A leafy Montreal suburb has become the first jurisdiction in Canada making it mandatory for anyone entering a business or city-owned building to wear a mask, according to its mayor, who says it’s a policy that works very well in Israel.
A bylaw passed by the Côte-St-Luc city council on Monday will require all business owners to post a sign provided by the city alerting clients to wear a mask upon entry to make sure they do.
Mayor Mitchell Brownstein told The Canadian Press his office researched the situation across the country and found no other town or province that has gone this far.
“We want to make Côte-St-Luc the safest place for people to shop, and hopefully the provinces in Canada will follow,” Brownstein said.
He told CP that Israel — where mask-wearing is mandatory for people who leave their homes — and Quebec both have roughly 8 million people, but Israel has less than half as many COVID-19 cases and fewer than 300 deaths compared to over 4,700 in Quebec.
The bylaw passed the same day McMaster University, located in Hamilton, Ontario, published a new study that found masks really do help in the fight against COVID-19.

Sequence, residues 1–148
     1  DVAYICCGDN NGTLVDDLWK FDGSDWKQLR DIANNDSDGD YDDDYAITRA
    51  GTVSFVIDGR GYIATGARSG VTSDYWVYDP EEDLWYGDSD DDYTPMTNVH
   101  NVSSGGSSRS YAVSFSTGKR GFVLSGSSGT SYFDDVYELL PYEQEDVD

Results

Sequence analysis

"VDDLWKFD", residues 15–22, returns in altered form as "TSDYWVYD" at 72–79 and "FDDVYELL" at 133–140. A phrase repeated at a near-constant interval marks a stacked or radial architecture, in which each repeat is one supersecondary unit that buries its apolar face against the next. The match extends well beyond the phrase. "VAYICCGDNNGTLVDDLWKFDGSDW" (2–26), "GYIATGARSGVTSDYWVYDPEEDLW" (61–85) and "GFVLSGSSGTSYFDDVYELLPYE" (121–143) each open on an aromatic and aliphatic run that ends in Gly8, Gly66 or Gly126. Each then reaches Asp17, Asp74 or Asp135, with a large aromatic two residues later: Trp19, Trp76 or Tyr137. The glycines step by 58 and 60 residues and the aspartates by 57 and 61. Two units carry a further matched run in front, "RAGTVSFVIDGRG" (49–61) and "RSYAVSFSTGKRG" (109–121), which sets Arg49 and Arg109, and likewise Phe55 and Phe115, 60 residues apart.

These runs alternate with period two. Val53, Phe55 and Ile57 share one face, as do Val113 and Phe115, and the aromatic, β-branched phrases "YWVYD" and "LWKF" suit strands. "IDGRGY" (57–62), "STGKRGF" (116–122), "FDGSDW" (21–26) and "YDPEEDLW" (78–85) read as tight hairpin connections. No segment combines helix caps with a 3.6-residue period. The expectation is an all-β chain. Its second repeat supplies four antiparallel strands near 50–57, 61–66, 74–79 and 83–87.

Brownstein said businesses have two weeks to come up with a plan to inform customers of the new rule and to put measures in place to enforce it.
He said lapses will be tolerated until the end of June, but after that, fines for businesses and individuals who violate the bylaw will range from $100 to $500.
Exceptions will be made for people with asthma or other health conditions or disabilities preventing them from wearing masks.
“We also have the ability to wear a visor as an option,” Brownstein told CBC News.
Côte-St-Luc was one of the first COVID-19 hot spots on the island of Montreal and seniors account for 30 per cent of its population of about 32,000 — the highest percentage of seniors in any municipality in Quebec.
As of Monday evening, Côte-St-Luc had 494 confirmed cases and 35 deaths this year as a result of the virus.
The bylaw also requires apartment and condo building owners to install hand sanitizer dispensers at all entrances and near elevators, and to install signs that recommend residents wear a mask in areas where physical distancing isn’t possible.
“Hopefully by July 1 everybody will be used to the new normal,” Brownstein said.
Quebec Premier Francois Legault and his public health director, Dr. Horacio Arrunda, have regularly urged citizens to wear masks on public transport and when they can’t maintain a two-metre distance from one another.
But Legault has refused calls to pass a law requiring people to do so.
Mayor Brownstein said the bylaw will be in effect for three months and can be renewed as many times as necessary, adding that he doesn’t see it as any different than enforcing the use of seatbelts or bicycle helmets.
With files from CBC News, The Canadian Press (Giuseppe Valiante)